Korea, North: History, Geography, Government, and Culture — Infoplease.com
North Korea, one of the world's most secretive societies, has been accused of egregious human-rights violations, including summary executions, torture, inhumane conditions in prison camps, which hold up to 200,000 prisoners, and denial of freedom of expression and movement.
In late December 2002, North Korea expelled UN weapons inspectors from the country, and in January 2003 it announced it was officially withdrawing from the Nuclear Non-Proliferation Treaty (NPT).
North Korea went a step further in October, announcing it would disable its nuclear facilities and disclose to international monitors an accounting of all of its nuclear programs by the end of 2007.
www.infoplease.com /ipa/A0107686.html   (1990 words)

  
 North Korea News - Breaking World North Korea News - The New York Times
North Korea is the last Stalinist state on earth, and the latest country to join the nuclear club.
North Korea said that the United States had agreed to lift economic sanctions and remove it from a list of countries accused of sponsoring terrorism.
North Korea said Sunday night that it had set off its first nuclear test, becoming the eighth country in history, and arguably the most unstable and most dangerous, to proclaim that it has joined the club of nuclear weapons states.
topics.nytimes.com /top/news/international/countriesandterritories/northkorea/index.html?inline=nyt-geo   (1522 words)

  
 Human Rights Watch: Asia : Democratic People's Republic of Korea
North Korea is again dominating headlines by signing a deal to close its main nuclear reactor and allow international inspectors to return in exchange for energy and economic assistance.
The North Korean law governing the Kaesong Industrial Complex (KIC), a new industrial joint venture between North Korea and South Korean companies, should be amended to ensure adequate protections of basic workers’ rights, Human Rights Watch said in a new briefing paper released today.
While South Korea is now led by a former human rights activist, has a government sprinkled with civil libertarians, and has made the difficult transition to a functioning democracy, when it comes to dealing with North Korea, it is still weighed down by the past.
hrw.org /doc?t=asia&c=nkorea   (1205 words)

  
 North Korea Map, Korean Land Information, Pyongyang Travel Information, North Korea Facts and Geography - worldatlas.com
North Korea, under its founder President KIM Il Sung, established a socialist economy and a self-reliance policy in foreign policy and national defense.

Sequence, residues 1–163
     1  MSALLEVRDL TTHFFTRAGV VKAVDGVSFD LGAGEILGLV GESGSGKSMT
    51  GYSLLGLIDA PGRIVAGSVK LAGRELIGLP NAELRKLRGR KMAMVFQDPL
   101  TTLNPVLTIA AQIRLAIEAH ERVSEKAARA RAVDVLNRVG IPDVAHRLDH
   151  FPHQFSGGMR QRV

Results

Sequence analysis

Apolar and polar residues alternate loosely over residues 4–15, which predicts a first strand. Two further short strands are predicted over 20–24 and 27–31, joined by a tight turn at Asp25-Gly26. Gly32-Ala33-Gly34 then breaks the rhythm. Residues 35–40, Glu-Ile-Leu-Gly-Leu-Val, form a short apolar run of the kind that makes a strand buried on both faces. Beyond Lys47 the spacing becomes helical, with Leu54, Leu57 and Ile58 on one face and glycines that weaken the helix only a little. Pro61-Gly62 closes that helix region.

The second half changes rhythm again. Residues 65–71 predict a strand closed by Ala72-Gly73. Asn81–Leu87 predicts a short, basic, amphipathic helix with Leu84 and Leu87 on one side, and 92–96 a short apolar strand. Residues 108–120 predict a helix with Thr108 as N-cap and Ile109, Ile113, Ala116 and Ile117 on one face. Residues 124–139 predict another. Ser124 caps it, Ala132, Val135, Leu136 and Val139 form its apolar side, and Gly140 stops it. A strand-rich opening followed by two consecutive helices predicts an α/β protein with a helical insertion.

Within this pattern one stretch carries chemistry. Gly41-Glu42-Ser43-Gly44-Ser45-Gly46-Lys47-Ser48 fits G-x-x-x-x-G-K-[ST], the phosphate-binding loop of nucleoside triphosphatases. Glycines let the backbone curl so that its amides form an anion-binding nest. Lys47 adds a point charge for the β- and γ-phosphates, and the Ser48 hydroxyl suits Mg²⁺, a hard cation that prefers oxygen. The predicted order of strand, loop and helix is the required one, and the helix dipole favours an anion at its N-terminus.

North and South Korea are as different as fl and white when economies, living conditions and personal freedoms are compared, but on the Korean Peninsula today there are millions of people still hoping for the eventual reunification of their common culture and extended families.
North Korea is bordered by China, Russia and South Korea, and by the Korean Bay, Yellow Sea and East Sea (Sea of Japan).
www.worldatlas.com /webimage/countrys/asia/kp.htm   (913 words)

  
 North Korea travel guide - Wikitravel
It borders China to the north, Russia to the northeast and South Korea to the south.
North Korea's long-range missile development and research into nuclear, chemical, and biological weapons and massive conventional armed forces are of major concern to the international community.
Citizens of South Korea are normally not permitted to visit North Korea except the special tourism zone in Kumgang and now on tours to Kaesong.
wikitravel.org /en/North_Korea   (4304 words)

  
 Human Rights Watch: Asia : Democratic People's Republic of Korea
North Korea is again dominating headlines by signing a deal to close its main nuclear reactor and allow international inspectors to return in exchange for energy and economic assistance.
In an ominous hardening of policy, North Korea appears to be punishing its citizens with longer sentences in abusive prisons if they are caught crossing the border to China or have been forcibly repatriated by Beijing, Human Rights Watch said in a new briefing paper released today.
Anyone imprisoned in North Korea is liable to face abusive conditions including beatings, forced labor, and starvation far worse than among the population at large.
www.hrw.org /doc?t=asia&c=nkorea   (1061 words)

  
 North Korea - Amnesty International
The third round of six-party talks (involving North and South Korea, China, Japan, Russia and the USA) aimed at persuading North Korea to cease its nuclear weapons programme met in Beijing in June, but little progress was achieved.
North Korea refused to attend a fourth round scheduled for September.
North Koreans forcibly repatriated from China were detained and interrogated in detention centres or police stations operated by the National Security Agency or the People’s Safety Agency.